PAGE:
Sunday, June 9, 2024

Reflection For Tenth Sunday in Ordinary Time Year B: The Human Condition

The Tenth Sunday in Ordinary Time is a moment in the Catholic Church's liturgical calendar that invites the faithful to pause and reflect on the human condition, God's mercy, and the path to redemption. The readings for this Sunday offer a rich tapestry of themes that resonate with the experiences of believers across ages.

The first reading from Genesis presents the narrative of the Fall, where Adam and Eve's disobedience leads to their expulsion from Eden. This story sets the stage for a reflection on the human propensity to stray from God's commandments and the consequences that follow. Yet, even in this account of disobedience, there is a glimmer of hope. God's question, "Where are you?" is not merely an inquiry about physical location but a profound call for self-examination and recognition of one's state of being.

The responsorial Psalm 130 echoes this theme of mercy and forgiveness. It is a cry from the depths, a plea for God's unfailing love and redemption. The psalmist assures us that with the Lord, there is mercy and fullness of redemption, a promise that uplifts the spirit of the penitent.

In the second reading, Paul's letter to the Corinthians speaks of faith and conviction. Paul encourages the community to hold fast to their belief in the resurrection of Christ and, by extension, their own resurrection. This passage reminds the faithful of the transformative power of faith and the assurance of God's fidelity.

The Gospel according to Mark confronts the audience with the stark reality of Jesus' ministry—misunderstood by many, including his own family. Yet, it also presents the inclusive vision of the new family of God, bound not by blood but by the shared commitment to do God's will. This redefinition of kinship is radical and comforting, offering a place for all who seek to align themselves with divine purpose. Jesus seems to dismiss His mother and family but He really is not. He is literally saying that those who follow God and do God's will are His mother and family. In other words, they are PART of His family. They are God's children because they are aligned to God and God's will.  Many of our separated Protestant friends often cite this passage to attack our devotion to Mary and the saints. But in close inspection, any rational person who loves reading Scripture can see that Jesus attacking or dismissing His mother would go against the Commandment to Honor Father and Mother. Jesus would then have sinned. This of course is not possible. This is why we know what Jesus meant. He did not dismiss His mom or family. He was making a comparison that if we follow God's will we become His mom and family; literally His family!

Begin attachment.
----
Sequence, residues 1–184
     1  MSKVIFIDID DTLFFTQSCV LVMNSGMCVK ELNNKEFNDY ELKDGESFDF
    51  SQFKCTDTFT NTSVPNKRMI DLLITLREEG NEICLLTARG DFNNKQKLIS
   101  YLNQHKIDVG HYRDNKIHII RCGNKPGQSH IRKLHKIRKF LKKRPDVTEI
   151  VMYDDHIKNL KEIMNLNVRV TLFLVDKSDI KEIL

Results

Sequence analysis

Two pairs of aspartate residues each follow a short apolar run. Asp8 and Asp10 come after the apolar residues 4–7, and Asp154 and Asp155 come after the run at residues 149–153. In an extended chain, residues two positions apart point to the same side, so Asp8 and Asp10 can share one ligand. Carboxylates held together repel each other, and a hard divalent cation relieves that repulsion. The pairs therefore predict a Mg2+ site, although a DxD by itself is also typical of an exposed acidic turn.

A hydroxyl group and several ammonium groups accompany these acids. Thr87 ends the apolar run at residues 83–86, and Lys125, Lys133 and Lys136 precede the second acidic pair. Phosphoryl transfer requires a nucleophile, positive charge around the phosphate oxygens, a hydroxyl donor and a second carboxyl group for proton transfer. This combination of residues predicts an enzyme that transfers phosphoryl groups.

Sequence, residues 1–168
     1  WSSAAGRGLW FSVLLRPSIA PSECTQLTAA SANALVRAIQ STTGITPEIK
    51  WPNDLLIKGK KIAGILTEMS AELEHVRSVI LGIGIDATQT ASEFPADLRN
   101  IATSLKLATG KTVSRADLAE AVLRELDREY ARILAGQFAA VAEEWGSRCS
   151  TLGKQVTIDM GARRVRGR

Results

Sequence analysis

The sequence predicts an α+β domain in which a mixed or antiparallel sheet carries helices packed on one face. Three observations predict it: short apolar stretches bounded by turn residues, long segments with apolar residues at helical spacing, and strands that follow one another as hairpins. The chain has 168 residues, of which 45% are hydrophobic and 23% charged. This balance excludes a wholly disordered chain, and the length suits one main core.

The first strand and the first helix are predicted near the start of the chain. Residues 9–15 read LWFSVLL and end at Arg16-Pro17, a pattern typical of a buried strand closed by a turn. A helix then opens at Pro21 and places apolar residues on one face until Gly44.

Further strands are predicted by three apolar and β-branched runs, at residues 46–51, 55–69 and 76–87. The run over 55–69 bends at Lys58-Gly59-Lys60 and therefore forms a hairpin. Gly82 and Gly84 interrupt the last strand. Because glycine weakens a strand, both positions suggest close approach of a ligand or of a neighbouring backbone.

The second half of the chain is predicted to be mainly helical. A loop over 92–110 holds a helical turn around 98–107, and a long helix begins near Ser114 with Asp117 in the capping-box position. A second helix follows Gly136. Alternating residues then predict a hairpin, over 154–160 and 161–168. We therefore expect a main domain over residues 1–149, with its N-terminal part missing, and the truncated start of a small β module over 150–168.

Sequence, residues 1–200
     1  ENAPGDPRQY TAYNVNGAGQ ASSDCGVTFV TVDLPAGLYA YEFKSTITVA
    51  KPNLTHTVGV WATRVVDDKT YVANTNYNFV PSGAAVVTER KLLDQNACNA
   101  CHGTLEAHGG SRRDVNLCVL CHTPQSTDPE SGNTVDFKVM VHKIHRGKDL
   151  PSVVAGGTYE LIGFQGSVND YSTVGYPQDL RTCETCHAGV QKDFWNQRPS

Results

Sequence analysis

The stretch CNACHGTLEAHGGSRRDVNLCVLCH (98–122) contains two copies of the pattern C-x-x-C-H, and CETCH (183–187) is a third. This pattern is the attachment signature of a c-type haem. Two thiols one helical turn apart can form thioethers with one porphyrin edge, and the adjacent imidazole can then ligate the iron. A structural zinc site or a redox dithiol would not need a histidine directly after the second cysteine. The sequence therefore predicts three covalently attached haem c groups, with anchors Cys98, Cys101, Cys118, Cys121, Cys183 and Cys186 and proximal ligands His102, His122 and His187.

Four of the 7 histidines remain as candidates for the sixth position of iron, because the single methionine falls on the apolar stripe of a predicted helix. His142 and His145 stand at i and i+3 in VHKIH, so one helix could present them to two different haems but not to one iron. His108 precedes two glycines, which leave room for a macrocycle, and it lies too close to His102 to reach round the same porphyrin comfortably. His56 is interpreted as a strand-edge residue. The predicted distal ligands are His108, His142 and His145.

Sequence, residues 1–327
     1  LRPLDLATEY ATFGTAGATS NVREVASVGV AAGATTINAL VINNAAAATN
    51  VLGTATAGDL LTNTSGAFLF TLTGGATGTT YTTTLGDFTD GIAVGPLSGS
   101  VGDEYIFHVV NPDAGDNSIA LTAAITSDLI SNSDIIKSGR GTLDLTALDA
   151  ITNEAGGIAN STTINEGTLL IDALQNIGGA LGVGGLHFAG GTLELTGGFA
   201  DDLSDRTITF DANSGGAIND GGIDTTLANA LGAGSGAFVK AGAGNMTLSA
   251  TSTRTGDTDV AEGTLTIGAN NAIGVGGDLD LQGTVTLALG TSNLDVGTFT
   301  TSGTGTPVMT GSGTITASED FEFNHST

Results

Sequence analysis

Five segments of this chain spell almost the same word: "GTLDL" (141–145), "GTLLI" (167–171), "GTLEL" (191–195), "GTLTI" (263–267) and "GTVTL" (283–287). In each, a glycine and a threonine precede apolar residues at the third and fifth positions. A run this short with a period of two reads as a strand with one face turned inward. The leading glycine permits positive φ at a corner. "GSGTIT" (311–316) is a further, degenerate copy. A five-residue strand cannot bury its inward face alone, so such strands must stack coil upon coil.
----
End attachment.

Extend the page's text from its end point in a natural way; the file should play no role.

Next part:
These readings collectively urge believers to contemplate the nature of sin, the boundlessness of God's mercy, and the call to live in accordance with God's will. They challenge the faithful to move beyond a preoccupation with the limitations of human frailty and to embrace the liberating truth of God's love and forgiveness.

For those reflecting on these readings, the message is clear: despite the fallibility of humanity, God's grace is sufficient. It is an invitation to rise from the depths of despair and to sit in union with Christ, becoming part of the spiritual family that transcends earthly ties. In the ordinary time of the Church's year, the faithful are reminded that every moment holds the extraordinary potential for renewal and sanctification.


 

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